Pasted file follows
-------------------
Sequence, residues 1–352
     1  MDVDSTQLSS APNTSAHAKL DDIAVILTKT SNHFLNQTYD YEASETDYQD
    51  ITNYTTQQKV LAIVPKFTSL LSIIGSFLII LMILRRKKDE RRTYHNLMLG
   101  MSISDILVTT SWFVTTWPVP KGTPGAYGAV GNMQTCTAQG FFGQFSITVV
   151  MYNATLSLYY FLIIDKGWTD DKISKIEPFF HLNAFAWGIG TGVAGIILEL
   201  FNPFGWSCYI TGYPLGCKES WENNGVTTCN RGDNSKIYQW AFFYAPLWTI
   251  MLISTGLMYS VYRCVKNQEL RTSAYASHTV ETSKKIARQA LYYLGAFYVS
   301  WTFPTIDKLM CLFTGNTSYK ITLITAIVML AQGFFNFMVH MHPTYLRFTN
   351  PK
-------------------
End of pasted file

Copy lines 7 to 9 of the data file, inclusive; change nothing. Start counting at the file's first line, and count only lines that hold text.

   251  MLISTGLMYS VYRCVKNQEL RTSAYASHTV ETSKKIARQA LYYLGAFYVS
   301  WTFPTIDKLM CLFTGNTSYK ITLITAIVML AQGFFNFMVH MHPTYLRFTN
   351  PK